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Lurekalven is an unpopulated island of heather moor which is a part of the wilderness belonging to the five farms on Ytre Lygra. Between the two islands there is only a small sound. As late as the 1920s, milking cows were rowed over the sound from Lygra in summer – a form of farming that was adapted to the coastal landscape.
Sæheim (Seim) at Lygrefjord is mentioned as one of the royal farms of Harald Hårfagre. Several of the first Norwegian national kings had their seat here, and the farm became Crown Property up to the 1400s. According to the sagas, Håkon den gode is buried on the farm.
On a large gravel terrace in Matredalen (the Matre valley), a couple of kilometres from the coastal settlement Matre, lies Storseterhilleren, at the end of a large stone block that came rushing down from the mountain. The Matre river runs just over 100 metres to the east of the cave.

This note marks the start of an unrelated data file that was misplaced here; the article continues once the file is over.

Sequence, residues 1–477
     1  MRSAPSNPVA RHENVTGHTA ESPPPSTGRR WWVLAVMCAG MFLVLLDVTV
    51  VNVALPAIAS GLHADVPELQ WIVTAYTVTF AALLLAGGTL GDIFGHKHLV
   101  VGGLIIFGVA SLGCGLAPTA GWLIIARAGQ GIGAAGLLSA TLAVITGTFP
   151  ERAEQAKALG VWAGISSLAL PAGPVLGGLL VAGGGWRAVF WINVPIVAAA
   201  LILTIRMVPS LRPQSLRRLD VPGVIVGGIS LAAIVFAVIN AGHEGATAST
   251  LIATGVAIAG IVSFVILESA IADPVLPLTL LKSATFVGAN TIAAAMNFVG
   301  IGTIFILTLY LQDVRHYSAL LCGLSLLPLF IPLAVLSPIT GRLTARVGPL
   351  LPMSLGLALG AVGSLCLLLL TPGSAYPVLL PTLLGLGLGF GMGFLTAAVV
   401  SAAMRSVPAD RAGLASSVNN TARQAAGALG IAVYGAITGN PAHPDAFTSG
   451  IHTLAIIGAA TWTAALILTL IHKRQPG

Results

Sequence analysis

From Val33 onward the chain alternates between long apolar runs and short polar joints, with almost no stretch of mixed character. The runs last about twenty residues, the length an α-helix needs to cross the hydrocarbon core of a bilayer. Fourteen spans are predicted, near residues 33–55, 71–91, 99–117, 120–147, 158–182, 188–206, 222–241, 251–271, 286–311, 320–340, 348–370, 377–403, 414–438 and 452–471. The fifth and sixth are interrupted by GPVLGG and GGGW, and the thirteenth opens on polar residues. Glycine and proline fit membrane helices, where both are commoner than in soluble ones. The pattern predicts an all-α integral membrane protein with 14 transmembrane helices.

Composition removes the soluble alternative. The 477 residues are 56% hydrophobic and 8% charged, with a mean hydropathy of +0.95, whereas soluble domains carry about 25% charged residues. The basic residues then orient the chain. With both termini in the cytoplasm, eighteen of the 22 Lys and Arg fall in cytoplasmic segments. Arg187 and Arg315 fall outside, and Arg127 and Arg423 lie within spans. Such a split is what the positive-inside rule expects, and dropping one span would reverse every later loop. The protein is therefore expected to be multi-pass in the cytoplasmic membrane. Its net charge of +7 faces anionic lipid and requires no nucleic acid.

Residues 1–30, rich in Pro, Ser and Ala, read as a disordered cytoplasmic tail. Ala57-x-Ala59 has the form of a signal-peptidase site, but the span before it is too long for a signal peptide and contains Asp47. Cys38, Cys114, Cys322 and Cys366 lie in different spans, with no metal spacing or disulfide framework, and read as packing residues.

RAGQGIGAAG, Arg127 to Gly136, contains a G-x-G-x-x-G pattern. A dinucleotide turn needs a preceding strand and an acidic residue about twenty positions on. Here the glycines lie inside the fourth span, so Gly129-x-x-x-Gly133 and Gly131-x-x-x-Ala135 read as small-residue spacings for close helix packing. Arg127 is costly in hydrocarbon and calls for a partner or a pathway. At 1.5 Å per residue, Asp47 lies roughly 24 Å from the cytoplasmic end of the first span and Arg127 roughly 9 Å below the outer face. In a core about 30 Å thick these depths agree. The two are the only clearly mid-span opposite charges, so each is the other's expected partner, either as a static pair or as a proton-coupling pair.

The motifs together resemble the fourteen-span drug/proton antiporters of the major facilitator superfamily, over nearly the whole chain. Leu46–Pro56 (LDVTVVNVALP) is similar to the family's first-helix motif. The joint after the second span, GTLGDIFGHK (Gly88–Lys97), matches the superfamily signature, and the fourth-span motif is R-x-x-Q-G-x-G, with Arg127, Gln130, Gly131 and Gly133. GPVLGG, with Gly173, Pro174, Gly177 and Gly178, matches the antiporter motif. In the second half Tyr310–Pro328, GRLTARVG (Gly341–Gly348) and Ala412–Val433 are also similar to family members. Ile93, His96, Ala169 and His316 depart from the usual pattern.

Around Mjøsvågen here is still a compact marine use area. Some of the buildings are common boathouses, but most of them also house small enterprises and workshops. This is where the farmers from Øvsthus, Mjøs, Hole and other farms have supplemented their meagre incomes as smiths, brass moulders, clog makers, chest builders and decorative painters.